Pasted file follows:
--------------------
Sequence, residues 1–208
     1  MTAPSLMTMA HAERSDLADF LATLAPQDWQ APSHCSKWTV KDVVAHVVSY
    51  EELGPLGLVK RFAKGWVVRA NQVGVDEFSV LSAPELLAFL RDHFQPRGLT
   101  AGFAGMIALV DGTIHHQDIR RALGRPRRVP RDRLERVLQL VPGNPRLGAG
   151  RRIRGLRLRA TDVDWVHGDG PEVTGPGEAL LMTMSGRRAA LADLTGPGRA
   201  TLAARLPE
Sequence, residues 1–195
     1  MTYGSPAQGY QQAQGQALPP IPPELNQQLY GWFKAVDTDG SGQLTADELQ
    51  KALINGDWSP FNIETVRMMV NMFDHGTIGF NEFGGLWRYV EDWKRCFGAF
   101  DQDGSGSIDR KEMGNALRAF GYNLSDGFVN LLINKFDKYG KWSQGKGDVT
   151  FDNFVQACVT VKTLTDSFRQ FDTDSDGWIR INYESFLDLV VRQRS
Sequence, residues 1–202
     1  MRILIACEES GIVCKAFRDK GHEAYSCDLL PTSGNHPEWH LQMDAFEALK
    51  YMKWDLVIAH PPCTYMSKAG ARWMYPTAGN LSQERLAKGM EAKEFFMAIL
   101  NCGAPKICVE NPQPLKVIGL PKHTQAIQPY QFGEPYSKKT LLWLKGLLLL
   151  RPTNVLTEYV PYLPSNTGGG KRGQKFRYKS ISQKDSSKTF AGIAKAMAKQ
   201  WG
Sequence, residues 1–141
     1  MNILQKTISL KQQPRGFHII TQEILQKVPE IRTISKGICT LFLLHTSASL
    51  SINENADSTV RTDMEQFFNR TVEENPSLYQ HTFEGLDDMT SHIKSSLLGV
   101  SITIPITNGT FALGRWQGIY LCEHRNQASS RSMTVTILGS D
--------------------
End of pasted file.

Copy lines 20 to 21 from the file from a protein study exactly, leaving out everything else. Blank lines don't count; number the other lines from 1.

    51  SINENADSTV RTDMEQFFNR TVEENPSLYQ HTFEGLDDMT SHIKSSLLGV
   101  SITIPITNGT FALGRWQGIY LCEHRNQASS RSMTVTILGS D